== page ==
How Canva got its first customers?
Fusion Books, which was Canva's predecessor, was Melanie Perkins and Cliff Obrecht's initiative to assist schools in creating yearbooks of better quality for the learners. Perkins made some extra cash during her studies giving other students lessons about design. She realized their need for an easy-to-use graphic design tool because going through the process of making posters and flyers was complicated. Melanie's mother was a teacher who spent much time working on the school yearbooks. It inspired Perkins to build a tool for designing yearbooks.
Since Melanie didn't know a thing about coding, she hired freelancers for the money she'd borrowed from her friends. The professionals prepared a website for her, which let students co-work there and create their own yearbooks. Perkins and Obrecht would then take care of printing them and would send them to schools. Their office was the living room of Melanie's mother.
Obrecht cold-called schools in order to promote the concept of Fusion Books, which was the prologue of Canva user acquisition process. When the schools requested to meet with the project manager, he simply altered his tone of voice. They got to 400 schools starting with the locals. They also supplied schools with their free-of-charge examples of the designs. What's more, to concentrate more on Fusion Books, Perkins left studies.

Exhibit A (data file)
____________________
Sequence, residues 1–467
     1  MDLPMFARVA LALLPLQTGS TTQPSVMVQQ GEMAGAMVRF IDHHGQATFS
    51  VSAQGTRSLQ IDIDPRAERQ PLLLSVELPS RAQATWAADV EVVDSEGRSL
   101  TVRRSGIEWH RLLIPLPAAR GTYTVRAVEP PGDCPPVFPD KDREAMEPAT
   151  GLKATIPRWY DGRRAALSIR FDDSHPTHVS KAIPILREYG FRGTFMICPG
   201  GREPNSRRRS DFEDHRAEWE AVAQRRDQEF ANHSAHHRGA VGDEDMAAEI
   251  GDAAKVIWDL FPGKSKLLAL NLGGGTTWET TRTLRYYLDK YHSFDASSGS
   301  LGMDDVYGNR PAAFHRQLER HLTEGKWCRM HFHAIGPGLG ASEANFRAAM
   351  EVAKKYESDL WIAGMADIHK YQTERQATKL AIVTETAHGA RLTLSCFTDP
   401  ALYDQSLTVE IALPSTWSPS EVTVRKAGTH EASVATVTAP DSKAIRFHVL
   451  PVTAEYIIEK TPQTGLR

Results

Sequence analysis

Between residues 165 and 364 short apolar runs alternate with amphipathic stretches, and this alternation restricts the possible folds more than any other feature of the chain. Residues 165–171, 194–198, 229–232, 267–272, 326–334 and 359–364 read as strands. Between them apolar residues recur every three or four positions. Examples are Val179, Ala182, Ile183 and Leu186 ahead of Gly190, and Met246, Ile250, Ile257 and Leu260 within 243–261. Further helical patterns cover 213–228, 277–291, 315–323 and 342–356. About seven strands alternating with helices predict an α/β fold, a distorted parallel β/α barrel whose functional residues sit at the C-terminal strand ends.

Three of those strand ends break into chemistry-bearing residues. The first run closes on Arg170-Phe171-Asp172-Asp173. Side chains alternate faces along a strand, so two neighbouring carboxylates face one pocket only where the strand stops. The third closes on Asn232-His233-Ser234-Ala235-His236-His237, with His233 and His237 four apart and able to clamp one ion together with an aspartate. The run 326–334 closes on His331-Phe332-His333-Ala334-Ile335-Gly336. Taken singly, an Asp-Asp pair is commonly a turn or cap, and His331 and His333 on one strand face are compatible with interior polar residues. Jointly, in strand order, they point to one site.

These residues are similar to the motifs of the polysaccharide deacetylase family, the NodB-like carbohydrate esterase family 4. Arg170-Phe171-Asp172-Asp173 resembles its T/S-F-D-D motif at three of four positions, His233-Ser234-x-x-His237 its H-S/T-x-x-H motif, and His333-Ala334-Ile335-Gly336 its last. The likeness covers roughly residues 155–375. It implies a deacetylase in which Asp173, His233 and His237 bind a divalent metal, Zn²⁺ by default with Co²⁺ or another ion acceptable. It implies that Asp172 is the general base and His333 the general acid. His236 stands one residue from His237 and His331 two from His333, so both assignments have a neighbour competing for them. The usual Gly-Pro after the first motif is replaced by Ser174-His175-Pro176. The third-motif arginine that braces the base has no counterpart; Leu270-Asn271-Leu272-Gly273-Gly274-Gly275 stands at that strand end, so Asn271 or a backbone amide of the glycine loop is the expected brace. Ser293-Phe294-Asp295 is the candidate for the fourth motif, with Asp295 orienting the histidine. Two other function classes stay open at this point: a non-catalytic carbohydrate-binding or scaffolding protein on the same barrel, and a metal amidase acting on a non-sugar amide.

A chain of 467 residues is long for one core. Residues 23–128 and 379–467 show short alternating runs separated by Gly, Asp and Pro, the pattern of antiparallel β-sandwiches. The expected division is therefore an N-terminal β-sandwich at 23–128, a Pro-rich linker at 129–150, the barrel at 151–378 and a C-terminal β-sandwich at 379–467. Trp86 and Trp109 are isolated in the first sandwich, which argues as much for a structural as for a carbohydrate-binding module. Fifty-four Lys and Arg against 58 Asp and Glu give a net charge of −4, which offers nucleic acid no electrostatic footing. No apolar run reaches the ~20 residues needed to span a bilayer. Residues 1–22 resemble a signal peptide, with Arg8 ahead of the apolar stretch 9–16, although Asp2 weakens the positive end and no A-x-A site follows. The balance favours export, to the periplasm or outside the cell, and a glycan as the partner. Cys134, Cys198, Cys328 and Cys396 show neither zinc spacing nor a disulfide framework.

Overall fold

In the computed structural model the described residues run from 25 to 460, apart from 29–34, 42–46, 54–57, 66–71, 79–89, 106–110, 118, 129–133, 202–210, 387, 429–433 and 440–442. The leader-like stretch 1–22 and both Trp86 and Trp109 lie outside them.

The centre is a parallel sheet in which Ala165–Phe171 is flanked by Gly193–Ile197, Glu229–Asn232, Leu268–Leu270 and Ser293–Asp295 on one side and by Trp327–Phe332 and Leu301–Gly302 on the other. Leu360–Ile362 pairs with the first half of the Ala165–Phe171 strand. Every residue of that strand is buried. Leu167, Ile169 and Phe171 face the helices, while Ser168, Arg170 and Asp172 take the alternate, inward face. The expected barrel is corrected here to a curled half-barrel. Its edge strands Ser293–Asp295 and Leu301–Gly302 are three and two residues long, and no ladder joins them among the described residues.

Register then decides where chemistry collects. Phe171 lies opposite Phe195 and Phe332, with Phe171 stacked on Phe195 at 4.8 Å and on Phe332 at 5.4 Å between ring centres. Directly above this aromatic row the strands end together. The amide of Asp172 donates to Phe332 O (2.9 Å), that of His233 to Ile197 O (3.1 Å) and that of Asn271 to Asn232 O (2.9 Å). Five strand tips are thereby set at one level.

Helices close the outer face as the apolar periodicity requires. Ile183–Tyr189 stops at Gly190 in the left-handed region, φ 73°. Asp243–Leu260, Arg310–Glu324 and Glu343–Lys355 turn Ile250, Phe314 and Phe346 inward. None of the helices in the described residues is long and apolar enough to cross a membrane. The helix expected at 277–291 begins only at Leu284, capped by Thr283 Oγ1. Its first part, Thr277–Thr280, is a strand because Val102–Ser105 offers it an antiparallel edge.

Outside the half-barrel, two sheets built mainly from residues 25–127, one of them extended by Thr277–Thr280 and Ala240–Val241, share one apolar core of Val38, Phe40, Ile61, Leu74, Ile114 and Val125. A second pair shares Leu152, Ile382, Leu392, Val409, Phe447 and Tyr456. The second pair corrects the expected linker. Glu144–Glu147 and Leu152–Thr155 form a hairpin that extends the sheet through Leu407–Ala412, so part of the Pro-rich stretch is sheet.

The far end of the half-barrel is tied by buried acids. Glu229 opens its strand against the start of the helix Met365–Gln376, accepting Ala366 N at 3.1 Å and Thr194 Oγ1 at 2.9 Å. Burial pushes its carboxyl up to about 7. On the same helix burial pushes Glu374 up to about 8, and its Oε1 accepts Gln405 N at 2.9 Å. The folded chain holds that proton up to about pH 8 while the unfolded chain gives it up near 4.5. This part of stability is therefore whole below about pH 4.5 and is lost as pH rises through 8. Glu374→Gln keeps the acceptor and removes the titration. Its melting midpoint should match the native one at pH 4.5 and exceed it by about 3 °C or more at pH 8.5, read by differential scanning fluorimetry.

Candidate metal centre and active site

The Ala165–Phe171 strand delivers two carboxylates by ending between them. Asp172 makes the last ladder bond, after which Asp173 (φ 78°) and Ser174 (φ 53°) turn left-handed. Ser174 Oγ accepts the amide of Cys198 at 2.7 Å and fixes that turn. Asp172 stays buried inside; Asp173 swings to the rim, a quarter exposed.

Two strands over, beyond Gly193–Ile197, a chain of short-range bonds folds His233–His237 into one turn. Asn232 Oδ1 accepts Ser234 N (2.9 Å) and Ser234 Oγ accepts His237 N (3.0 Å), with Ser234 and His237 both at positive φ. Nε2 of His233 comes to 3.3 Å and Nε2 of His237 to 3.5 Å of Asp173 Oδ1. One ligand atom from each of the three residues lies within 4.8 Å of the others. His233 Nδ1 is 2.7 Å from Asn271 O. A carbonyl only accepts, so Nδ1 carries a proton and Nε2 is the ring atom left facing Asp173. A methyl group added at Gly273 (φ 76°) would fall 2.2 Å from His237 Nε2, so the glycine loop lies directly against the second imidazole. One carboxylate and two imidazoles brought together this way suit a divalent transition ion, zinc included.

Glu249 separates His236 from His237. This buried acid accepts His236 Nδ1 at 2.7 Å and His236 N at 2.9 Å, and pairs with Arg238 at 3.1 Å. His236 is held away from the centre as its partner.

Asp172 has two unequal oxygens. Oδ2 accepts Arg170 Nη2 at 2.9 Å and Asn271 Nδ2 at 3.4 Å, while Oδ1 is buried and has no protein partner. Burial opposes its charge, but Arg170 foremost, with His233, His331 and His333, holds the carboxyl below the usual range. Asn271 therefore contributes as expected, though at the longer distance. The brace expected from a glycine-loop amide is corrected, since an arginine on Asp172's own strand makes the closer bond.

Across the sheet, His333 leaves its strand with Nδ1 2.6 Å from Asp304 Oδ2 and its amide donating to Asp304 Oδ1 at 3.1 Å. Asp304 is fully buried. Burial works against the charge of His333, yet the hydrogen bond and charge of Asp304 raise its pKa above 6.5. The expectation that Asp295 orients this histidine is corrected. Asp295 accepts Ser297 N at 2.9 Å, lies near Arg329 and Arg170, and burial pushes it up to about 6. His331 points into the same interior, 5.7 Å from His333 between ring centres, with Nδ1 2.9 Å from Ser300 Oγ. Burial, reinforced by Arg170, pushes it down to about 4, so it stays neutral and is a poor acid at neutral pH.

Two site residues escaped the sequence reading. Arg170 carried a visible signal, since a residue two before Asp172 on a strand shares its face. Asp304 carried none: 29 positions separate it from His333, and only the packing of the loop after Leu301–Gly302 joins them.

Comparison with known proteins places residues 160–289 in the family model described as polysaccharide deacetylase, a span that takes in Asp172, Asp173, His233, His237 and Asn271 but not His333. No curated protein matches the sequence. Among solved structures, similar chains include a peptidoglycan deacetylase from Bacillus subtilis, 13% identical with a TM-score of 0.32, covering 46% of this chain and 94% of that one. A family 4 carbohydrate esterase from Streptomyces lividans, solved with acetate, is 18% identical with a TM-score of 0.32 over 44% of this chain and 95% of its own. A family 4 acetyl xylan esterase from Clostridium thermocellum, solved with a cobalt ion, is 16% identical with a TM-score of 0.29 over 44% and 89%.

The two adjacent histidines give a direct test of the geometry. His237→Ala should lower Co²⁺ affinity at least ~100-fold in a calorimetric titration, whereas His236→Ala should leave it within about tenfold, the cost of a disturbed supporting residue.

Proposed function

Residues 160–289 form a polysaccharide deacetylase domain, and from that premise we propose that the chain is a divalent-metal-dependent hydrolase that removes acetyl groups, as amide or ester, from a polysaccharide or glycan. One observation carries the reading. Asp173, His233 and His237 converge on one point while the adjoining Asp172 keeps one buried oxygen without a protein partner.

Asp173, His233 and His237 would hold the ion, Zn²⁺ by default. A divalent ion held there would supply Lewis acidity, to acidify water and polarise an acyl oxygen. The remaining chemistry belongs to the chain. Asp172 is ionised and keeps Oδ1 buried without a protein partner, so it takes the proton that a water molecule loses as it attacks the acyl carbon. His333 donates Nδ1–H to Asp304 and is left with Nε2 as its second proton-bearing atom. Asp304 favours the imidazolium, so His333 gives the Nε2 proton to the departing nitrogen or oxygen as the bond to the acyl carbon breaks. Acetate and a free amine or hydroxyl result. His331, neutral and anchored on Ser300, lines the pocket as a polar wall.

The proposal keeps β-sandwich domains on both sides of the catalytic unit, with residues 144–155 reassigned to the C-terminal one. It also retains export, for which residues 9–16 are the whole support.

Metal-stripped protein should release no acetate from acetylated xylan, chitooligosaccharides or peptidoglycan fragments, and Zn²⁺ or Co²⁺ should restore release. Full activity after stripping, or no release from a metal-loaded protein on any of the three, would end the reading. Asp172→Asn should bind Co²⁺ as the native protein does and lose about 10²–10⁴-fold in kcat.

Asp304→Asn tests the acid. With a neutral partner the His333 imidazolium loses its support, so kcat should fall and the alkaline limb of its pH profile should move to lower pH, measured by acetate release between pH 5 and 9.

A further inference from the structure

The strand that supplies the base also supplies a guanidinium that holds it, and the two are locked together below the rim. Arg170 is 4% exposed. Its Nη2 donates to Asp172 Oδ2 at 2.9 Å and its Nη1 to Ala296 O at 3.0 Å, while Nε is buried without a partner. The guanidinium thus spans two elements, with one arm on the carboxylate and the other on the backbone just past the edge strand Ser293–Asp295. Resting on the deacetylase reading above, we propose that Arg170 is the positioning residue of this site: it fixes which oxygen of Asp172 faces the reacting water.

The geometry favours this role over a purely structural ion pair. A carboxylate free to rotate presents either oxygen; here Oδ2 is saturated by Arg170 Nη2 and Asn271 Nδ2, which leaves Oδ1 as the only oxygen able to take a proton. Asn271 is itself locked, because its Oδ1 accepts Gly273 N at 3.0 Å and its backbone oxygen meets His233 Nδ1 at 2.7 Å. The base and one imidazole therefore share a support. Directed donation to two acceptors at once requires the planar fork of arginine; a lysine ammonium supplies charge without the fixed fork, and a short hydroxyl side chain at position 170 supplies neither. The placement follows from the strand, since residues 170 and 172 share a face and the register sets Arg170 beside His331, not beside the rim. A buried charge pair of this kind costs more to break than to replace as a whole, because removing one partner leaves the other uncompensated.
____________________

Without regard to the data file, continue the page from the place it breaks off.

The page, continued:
Perkins visited a lot of events and meet-ups for designers, bloggers, and social media marketers as for Canva promotion. She kept selling the idea for Canva to the audience.
Together with Obrecht, she also got in touch with with visual design influencers. They were asked to contribute to Canva promotion by telling their followers about the tool, and they agreed to do it. That boosted Canva user acquisition.
Perkins attempted to acquire funding and find investors for Canva at the time. Canva and Fusion Books keep functioning as separate softwares even today.
Before Canva ever existed, Perkins and Obrecht managed to create a community around it. They also had a waitlist for their project.
Even before Canva's public launch, 50,000 people had joined their queue. Guy Kawasaki, a tech celebrity, helped increase Canva user acquisition, and the waitlist reached 150,000 pretty fast. The man got interested in Canva because one of his employees was using the software for work.
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